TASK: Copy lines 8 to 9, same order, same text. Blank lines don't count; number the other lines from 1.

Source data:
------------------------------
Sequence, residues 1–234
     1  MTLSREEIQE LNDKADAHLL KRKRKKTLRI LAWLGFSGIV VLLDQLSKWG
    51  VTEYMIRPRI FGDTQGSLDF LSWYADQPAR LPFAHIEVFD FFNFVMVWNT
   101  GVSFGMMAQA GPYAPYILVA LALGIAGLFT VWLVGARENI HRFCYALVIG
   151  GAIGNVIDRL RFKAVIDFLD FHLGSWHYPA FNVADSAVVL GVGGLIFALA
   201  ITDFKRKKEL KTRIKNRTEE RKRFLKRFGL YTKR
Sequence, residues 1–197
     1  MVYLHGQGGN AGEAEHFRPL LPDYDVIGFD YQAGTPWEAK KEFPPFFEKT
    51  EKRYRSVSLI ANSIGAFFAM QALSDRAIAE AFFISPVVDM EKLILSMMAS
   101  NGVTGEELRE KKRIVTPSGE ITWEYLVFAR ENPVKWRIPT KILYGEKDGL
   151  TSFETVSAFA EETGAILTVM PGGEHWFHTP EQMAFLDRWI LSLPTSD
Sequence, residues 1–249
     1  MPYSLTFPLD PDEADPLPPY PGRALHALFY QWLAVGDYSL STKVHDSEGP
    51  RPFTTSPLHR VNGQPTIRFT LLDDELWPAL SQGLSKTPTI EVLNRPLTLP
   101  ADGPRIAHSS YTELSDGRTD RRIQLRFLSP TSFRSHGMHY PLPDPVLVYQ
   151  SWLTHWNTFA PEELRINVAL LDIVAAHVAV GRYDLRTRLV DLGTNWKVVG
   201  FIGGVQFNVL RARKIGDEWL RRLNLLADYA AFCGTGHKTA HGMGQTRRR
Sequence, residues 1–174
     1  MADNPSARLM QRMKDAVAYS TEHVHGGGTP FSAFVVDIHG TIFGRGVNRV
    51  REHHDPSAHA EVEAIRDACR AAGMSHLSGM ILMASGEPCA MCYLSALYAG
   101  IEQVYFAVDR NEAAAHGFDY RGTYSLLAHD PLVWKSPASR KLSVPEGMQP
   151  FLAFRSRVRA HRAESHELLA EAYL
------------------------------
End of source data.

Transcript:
     1  MVYLHGQGGN AGEAEHFRPL LPDYDVIGFD YQAGTPWEAK KEFPPFFEKT
    51  EKRYRSVSLI ANSIGAFFAM QALSDRAIAE AFFISPVVDM EKLILSMMAS